Impact on India: India and China will have a more equal voice in creating alternate global governance structures.
An unstable South Asia that overlaps with an orderly Chinese economic slowdown will strengthen Beijing’s authority in new institutions, even as it increases its influence in the existing world order. China will be on course for parity with the United States, resulting in a G2.
Impact on India: India will be sidelined, as it will no longer be required as the swing power. The US and China will be making the global decisions, not necessarily in India’s interest. India might find itself excluded from new global trade agreements like the Trans-Pacific Partnership (TTP) and the Free Trade Area of the Asia-Pacific (FTAAP).
If both South Asia and China are unstable—South Asia because of security, and China because of its economy—then the US will consolidate its power and retain its unipolar dominance. Co-operation with Pakistan for a tidy draw-down of troops from Afghanistan is on the cards, as is a surrender by India on trade and climate change negotiations. The dollar strengthens with the US exercising “exorbitant privilege,” using the advantage of printing its currency to finance growth without significant devaluation. BRICS and G20 will recede in importance, and the World Bank and IMF will call the shots again. The Voice of America will be gospel.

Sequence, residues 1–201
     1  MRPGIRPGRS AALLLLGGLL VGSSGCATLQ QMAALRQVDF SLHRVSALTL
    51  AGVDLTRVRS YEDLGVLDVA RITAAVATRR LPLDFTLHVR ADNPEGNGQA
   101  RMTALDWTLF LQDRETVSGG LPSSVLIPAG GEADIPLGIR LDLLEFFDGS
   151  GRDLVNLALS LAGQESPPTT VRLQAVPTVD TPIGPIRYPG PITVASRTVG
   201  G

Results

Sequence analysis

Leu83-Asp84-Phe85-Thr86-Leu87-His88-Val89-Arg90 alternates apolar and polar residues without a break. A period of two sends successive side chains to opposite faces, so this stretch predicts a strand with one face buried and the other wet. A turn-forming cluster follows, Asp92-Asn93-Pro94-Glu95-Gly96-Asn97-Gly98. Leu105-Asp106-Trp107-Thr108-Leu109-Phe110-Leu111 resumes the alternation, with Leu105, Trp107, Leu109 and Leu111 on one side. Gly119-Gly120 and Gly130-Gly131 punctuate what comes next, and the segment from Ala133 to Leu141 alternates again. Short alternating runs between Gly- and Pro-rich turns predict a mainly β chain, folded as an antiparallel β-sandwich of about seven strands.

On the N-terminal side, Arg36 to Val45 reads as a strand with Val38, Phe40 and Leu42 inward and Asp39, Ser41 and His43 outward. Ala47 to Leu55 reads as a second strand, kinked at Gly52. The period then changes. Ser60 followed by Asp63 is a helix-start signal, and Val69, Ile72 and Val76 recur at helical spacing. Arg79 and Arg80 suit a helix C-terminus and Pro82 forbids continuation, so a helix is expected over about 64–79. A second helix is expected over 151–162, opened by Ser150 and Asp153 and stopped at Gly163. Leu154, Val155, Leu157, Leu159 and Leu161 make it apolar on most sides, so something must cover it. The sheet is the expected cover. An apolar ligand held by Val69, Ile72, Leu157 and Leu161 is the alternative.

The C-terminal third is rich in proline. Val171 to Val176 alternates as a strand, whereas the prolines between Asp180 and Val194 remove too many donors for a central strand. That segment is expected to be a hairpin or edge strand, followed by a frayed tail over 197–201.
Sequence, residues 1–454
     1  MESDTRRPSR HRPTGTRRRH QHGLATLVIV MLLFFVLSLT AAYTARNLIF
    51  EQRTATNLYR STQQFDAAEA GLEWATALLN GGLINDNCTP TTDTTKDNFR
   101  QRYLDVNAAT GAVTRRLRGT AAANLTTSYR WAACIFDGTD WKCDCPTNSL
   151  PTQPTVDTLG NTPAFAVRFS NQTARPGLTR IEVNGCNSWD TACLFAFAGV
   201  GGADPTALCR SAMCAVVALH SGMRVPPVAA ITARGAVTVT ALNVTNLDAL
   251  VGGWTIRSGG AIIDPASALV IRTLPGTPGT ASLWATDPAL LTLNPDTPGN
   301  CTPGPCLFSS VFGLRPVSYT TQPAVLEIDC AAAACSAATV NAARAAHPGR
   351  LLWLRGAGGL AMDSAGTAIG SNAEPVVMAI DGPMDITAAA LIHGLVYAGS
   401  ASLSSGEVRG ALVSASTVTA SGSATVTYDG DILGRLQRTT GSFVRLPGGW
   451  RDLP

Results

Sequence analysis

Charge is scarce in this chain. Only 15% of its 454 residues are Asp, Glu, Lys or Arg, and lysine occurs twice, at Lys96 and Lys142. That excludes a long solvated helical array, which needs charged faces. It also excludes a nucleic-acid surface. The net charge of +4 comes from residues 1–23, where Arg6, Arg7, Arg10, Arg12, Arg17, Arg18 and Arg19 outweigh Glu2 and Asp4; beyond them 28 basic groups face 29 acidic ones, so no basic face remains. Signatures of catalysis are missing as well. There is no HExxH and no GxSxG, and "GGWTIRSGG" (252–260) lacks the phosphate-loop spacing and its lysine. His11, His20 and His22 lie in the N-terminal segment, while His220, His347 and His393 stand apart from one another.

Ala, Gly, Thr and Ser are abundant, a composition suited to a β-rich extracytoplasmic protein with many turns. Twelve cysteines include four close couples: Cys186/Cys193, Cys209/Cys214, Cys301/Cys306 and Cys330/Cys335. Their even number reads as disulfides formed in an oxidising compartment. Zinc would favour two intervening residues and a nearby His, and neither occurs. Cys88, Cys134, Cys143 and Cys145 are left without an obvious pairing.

Impact on India: The US will become India’s godfather—pre-eminent arms provider, with pressure mounting to assist the US in military interventions in West Asia. The US will disregard IPR issues and promote its multinationals. It will be back to the 1970s, when India leaned on the US for capital, technology and innovation.
A stable South Asia combined with a disorderly Chinese economic slowdown will reinforce the idea of democratic dividends—The vibrancy of private sector-led entrepreneurship, public participation in political processes, adoption of business models that serve both stake-holders and shareholders, and framing of equitable policies.
Impact on India: Achhe din, for sure. The Focus will turn away from counter-insurgency and law-and-order issues, as the world looks to India as a reliable alternative to China for goods and services—giving us room to grow, sustainably.
Our analysis indicates that in 2015, China will eclipse India.
China will likely see an orderly slowdown, even as the security and stability of India’s neighbourhood will deteriorate, negatively impacting India’s ambitions. China will outgrow BRICS, and the precipitous decline of Russia will propel its enjoining the high table with the US.
The G2—US and China—will make global decisions, bypassing India especially on new global, US-led trade agreements like the Trans-Pacific Partnership and the Free Trade Area of the Asia-Pacific. Beijing will be on course for parity with Washington.
India can use the isolation to pursue internal reforms, and strengthen relations with other powers.
Under these circumstances, India will have to seek the beneficence of America as protector and indispensible arms provider, with pressure to assist in US military interventions in West Asia. India will surrender on trade and climate change negotiations—a constant thorn in the bilateral relationship.
India’s hope of leading an alternate global political and economic architecture that reflects own conditions and global heft, will be in retreat in 2015.
But never waste a good crisis.
India can use the isolation to pursue internal reforms, and strengthen relations with other stagnant powers like the EU, Japan and actively-excluded Russia. Thus better prepared, India can hope for an equal voice in world affairs come 2016.